I recently discovered Ben Eater’s excellent video series on building a 6502-based computer on a breadboard. The 6502 is a pretty famous microprocessor and variants of it were used in the Nintendo, some Ataris, the Apple II, and the Commodore 64 (among others).
I’ve done a bit of hardware stuff before, but mostly at the level of Raspberry Pis, so this was definitely a step up in terms of difficulty for me. Undaunted, I started with the Clock Module:
I was able to get it working without too much trouble and definitely learned how to neatly wire up a breadboard (also the value of doing it neatly). Here’s the final verion:
It’s amazing how satisfying just getting an LED to blink at different speeds is! And, yes, that is me using a caliper to measure out the wires. The star of this circuit is definitely the 555 timer, which I took a detour to study for a bit in an attempt to understand it a bit better. I ordered a kit from EvilMadScientist.com that I’m excited about but I haven’t assembled it yet! Now it’s time to get the 6502 installed! You can see it here installed on a second breadboard attached to the clock module:
One really cool thing that Ben did in his video series was to use an Arduino to read the contents of the address and data busses so that you’re able to see, in real time, what’s on the bus! Here’s what that looks like all hooked up:
After verifying that things are working at this level, the next step is to hook up an EEPROM to store a program for the 6502 to run. There’s also an interface chip that I installed before taking another photo. You can see the output of that chip on the fancy LEDs above the LCD screen. At this point, I have a rudimentary program running to communicate with the LCD to display “Hello, world!”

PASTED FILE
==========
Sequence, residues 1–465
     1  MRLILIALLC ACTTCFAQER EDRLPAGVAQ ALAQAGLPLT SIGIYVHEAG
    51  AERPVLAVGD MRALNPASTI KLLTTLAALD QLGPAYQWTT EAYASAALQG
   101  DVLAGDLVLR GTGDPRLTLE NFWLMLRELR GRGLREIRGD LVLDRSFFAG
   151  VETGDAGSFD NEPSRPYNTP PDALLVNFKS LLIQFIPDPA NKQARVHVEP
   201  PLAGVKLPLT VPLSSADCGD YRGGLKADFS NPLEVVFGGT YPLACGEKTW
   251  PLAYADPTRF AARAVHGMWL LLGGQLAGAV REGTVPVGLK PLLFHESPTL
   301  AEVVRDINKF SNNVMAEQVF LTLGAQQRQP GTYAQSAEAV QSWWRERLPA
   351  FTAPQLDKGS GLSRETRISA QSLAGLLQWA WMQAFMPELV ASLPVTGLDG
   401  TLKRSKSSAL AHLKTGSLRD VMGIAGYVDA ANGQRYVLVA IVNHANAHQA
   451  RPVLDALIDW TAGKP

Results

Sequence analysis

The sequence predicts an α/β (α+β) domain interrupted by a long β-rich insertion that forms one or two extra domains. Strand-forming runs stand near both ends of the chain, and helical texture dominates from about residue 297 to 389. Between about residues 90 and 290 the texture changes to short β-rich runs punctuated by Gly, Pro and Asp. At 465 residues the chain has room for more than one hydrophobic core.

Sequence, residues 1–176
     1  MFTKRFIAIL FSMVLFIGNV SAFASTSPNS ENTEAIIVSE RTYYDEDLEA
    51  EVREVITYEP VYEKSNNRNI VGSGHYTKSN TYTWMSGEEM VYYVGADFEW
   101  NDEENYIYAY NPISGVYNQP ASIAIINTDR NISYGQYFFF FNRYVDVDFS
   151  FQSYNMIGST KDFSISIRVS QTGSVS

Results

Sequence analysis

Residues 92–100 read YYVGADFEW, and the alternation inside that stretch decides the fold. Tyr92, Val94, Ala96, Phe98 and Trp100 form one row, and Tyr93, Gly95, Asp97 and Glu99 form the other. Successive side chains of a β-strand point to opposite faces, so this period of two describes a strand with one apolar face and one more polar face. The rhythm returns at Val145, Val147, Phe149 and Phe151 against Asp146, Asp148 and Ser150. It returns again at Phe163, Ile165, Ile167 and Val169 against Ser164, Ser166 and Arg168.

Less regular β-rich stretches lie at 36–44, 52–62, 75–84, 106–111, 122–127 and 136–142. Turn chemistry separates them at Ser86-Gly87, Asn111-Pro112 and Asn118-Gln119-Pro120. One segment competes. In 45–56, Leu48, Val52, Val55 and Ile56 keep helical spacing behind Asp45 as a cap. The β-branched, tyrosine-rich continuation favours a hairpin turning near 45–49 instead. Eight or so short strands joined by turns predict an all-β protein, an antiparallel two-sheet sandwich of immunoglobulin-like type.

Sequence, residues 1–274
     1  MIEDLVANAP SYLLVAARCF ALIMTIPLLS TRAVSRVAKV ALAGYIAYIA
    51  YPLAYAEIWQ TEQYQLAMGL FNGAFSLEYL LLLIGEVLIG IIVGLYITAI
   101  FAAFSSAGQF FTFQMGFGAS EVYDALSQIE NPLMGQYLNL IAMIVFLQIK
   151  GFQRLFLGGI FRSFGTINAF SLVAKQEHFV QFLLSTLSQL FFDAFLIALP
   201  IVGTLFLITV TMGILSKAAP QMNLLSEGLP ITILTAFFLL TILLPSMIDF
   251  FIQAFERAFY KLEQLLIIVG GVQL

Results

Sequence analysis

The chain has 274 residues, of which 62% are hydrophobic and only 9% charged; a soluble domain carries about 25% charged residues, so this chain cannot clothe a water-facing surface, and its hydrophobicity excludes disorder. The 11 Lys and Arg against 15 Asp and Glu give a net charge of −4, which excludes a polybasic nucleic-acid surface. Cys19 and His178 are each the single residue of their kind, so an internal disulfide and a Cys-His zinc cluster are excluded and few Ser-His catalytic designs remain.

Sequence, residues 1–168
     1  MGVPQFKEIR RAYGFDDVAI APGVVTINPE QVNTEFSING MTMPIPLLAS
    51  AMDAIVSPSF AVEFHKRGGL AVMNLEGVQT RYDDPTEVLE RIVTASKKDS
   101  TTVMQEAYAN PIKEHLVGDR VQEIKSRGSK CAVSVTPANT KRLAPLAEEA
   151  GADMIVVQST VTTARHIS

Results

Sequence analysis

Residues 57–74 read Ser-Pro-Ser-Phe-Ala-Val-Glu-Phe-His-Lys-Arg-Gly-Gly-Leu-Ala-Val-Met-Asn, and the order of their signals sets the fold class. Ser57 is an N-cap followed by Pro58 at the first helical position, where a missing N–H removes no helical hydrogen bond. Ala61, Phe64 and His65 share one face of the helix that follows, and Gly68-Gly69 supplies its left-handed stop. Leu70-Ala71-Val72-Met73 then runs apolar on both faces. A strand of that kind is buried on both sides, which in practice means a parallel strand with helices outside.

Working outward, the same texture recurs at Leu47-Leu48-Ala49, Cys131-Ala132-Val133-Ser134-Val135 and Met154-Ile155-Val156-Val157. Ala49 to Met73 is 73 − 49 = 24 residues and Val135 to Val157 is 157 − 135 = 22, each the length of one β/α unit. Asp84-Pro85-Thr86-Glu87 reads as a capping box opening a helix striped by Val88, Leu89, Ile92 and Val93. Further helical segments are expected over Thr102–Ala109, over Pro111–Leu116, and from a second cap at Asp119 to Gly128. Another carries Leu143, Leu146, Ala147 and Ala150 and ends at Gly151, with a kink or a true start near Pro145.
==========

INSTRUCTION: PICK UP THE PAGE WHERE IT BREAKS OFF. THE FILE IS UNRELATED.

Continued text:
Great success! Now, we’ll install a RAM chip so that we can have a stack, which will enable us to call subroutines. This required moving some chips around to keep things clean, so I had to do a good bit of re-wiring. Here’s the boards before that work started:
I also had the bright idea to label the pins on the ICs so that I wouldn’t have to constant refer back to their datasheets. That was a huge improvement in both efficiency and accuracy. Here’s the state of the board with all the labels and half of the final wiring done:
After getting all of the wiring done, I had it work again but now with a stack! The final step is to remove the clock module, which runs pretty slowly, and install a real crystal oscillator running at a blistering 1MHz. Unfortunately, I ran into issues running a full speed where I’d only see the last two or three characters of the string on the LCD. After a good deal of debugging, I discovered that the voltage on the output pins between the LEDs and the LCD was really low, so I removed the LEDs and everything worked again! My hypothesis is that the resistors were restricting the voltage too much. With the final problem solved, we have a working 6502-based computer runing at full speed!
Next, I’m going to give Ben’s 8-bit computer build a try.